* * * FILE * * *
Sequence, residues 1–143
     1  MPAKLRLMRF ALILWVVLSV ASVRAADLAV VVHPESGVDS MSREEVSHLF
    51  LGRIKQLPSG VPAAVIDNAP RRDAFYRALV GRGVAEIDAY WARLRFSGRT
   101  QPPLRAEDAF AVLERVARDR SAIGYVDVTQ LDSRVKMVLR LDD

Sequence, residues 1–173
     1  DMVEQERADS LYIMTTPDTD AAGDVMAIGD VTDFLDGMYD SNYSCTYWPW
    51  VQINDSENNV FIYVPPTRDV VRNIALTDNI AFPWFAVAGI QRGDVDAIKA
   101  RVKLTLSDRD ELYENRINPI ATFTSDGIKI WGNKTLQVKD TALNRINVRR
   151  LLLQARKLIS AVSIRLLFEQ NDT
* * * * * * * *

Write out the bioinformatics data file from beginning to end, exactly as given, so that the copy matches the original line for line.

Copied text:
Sequence, residues 1–143
     1  MPAKLRLMRF ALILWVVLSV ASVRAADLAV VVHPESGVDS MSREEVSHLF
    51  LGRIKQLPSG VPAAVIDNAP RRDAFYRALV GRGVAEIDAY WARLRFSGRT
   101  QPPLRAEDAF AVLERVARDR SAIGYVDVTQ LDSRVKMVLR LDD

Sequence, residues 1–173
     1  DMVEQERADS LYIMTTPDTD AAGDVMAIGD VTDFLDGMYD SNYSCTYWPW
    51  VQINDSENNV FIYVPPTRDV VRNIALTDNI AFPWFAVAGI QRGDVDAIKA
   101  RVKLTLSDRD ELYENRINPI ATFTSDGIKI WGNKTLQVKD TALNRINVRR
   151  LLLQARKLIS AVSIRLLFEQ NDT